The Value of Water


By: Dr. Brian Bernier, ND

Where there is life, there is water Adages like these are made popular not only because we repeat them over time, but because they contain profound wisdom that often withstands the test of time. 

Note: This post contains some medical terminology. If you are unfamiliar with any terms, I highly suggest you look up the words, as reading words you do not know the meaning of leads to poorer reading comprehension and misunderstandings. Water is essential to life. In our basic science classes we learn that water exists in the 3 states of matter: solid, liquid and gas. We know us, this planet, and this universe is full of water. However, there are other facts about water that we never learned. Some of these include the fact that water has memory and plays an essential role in communication, or that water does not simply mean H20. The intricacies of water are rarely talked about, but there is plenty of information out there discussing molecular hydrogen, structured water, and other less commonly known topics. I will get into these topics on other blog posts because I believe in going in a logical, structured order before talking about topics that require more nuance. For this post, I want to get into the importance of water in us. One of my teachers in life once told me that we can determine the importance something has by the manner in which we are in-built to respond to it. For example, food is vital to our existence. Remove food from us and we can go days, weeks, or even a month or so. Remove water, and we can go only go a few days. Air of course supersedes both water and food as most of us can barely last a minute or so without it. Interestingly, we talk a lot about food cleanliness, but in my opinion, far too little attention is presented to our water and air cleanliness. In order to stress the importance of water, I want to present to you some of the almost illimitable roles water plays in our health. Fun Fact: By laying down on the sofa, not moving at all, all day, you still use about 2L of water to just live – this is where the 64oz or 8 cups of water per day recommendation originates from – 2L = ~67oz. 


Anatomy

  • While it may not seem apparent to our eyes, the vast majority of our body is water. Up to approximately 75% of our body at birth is water, and this number decreases to about 65% as we age. The loss of water correlates with the increase in many disease processes and lack of proper hydration throughout life. Regardless, whether we are dehydrated or well hydrated, in both instances this means the overwhelming majority of our mass is water.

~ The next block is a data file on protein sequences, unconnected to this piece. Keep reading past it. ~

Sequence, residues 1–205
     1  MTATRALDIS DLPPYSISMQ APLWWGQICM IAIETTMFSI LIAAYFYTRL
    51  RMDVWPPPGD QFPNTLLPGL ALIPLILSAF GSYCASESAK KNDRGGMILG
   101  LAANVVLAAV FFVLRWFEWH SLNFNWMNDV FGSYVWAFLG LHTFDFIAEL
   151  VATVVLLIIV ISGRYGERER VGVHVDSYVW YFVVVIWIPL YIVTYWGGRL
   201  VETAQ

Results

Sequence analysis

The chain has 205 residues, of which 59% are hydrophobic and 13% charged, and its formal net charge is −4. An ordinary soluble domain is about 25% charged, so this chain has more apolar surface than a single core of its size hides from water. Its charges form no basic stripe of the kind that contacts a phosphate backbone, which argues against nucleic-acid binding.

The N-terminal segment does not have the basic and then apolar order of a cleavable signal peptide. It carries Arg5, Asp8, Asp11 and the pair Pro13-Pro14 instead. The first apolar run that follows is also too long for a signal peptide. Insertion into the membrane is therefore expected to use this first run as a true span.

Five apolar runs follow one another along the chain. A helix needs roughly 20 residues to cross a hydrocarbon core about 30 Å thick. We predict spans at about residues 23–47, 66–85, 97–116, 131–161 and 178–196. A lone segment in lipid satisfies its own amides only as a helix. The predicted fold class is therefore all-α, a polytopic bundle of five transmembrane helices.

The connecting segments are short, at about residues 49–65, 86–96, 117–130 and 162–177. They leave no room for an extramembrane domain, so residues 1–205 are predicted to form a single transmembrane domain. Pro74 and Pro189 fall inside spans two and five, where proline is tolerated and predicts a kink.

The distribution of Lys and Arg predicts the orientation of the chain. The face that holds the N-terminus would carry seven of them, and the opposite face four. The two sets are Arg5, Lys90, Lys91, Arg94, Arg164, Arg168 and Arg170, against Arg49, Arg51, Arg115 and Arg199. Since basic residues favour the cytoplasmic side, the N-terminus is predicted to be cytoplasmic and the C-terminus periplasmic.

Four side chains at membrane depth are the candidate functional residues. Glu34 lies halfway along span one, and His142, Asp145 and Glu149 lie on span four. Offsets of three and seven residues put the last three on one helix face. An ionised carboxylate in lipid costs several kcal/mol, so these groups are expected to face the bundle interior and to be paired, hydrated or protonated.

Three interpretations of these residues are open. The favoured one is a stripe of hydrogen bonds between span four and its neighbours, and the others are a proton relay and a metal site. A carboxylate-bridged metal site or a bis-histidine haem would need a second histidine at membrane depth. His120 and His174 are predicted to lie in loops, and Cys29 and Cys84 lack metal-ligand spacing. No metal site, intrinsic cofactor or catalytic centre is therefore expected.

• Many structures of the body are primarily aqueous, such as the eyeball – the vitreous body and aqueous humour. The nucleus pulposus between spinal vertebrae (the jelly inside the discs) which allows us to stand erect, bend, sit etc. are dependent upon water. 


The fluid between synovial joints point permitting painless movement, cerebral spinal fluid, and of course our blood are other common examples of water in our physical anatomy. Of course, there are other examples of water in our anatomy, not matter what system we look at. Water is involved in the physical make up of us more than we truly comprehend. Physiology Beginning with the smallest unit of life, proper hydration allows for cells to maintain the correct ionic balance, resulting in the proper functioning of a cell. Of the approximate 75% of water that our body is comprised of, 2/3 of that is contained intracellularly. The principle of osmosis causes water to shift towards wherever the greater number of solutes are. Too little hydration can result in not enough water residing extracellularly which increases extracellular concentration of solutes, causing water from within the cell to leave via osmosis, resulting in cell shrinkage, also known as crenation. This decrease in cellular size will result in the disrupted function of the cell. 

Similarly, too much hydration in a short time period will increase the extracellular water, causing the water to shift inwards to the cell where the concentration of solutes will appear greater than the extracellular concentration, causing the cell to swell and possibly burst. The swelling will disrupt cellular function, and the bursting can become fatal as the contents of the cell are toxic when inappropriately released into the extracellular environment. 


If we zoom out slightly from the view of the effects of hydration on cells, we can see another major role water plays within the body and that is blood volume. The hypothalamus works in close correlation with the mineralocorticoids from the adrenal cortex to monitor the amount of water present in the body. The mineralocorticoids released from the adrenals directly impact the sodium concentration, which thereby directly impacts the amount of water filtered out by the urinary bladder. This has several important physiological impacts, but the one we’ll focus on at the moment is the effect on the heart. Too much or too little water can have drastic effects on the heart. Both arrhythmia and tachycardia can result from an imbalance of hydration.